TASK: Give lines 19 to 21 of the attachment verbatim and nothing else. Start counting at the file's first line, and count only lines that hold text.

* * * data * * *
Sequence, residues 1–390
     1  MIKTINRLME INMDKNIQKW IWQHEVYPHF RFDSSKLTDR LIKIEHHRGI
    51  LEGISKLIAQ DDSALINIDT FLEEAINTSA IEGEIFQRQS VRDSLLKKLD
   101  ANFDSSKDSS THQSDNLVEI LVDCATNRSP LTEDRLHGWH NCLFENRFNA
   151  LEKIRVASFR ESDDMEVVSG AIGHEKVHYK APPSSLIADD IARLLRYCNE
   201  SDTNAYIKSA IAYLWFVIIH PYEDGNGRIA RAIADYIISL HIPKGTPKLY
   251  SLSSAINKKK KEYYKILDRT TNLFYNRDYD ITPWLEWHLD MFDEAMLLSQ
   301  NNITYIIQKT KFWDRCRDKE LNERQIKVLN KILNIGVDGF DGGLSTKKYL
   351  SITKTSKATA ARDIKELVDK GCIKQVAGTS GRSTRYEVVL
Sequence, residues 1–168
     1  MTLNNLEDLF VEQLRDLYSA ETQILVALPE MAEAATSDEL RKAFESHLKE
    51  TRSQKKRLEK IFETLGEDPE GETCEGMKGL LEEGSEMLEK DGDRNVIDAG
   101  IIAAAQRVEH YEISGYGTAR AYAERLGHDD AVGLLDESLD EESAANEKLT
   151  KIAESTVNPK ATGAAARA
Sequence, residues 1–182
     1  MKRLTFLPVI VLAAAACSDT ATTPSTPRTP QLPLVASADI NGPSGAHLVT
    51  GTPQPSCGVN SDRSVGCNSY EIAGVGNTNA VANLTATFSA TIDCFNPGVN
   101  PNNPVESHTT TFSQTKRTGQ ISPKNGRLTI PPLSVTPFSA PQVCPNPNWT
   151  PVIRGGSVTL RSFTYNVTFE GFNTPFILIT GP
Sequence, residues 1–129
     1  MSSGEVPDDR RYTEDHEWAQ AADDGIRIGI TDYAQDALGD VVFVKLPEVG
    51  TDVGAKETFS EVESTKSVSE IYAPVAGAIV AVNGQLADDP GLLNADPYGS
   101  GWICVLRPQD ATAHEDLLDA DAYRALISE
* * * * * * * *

   151  PVIRGGSVTL RSFTYNVTFE GFNTPFILIT GP
Sequence, residues 1–129
     1  MSSGEVPDDR RYTEDHEWAQ AADDGIRIGI TDYAQDALGD VVFVKLPEVG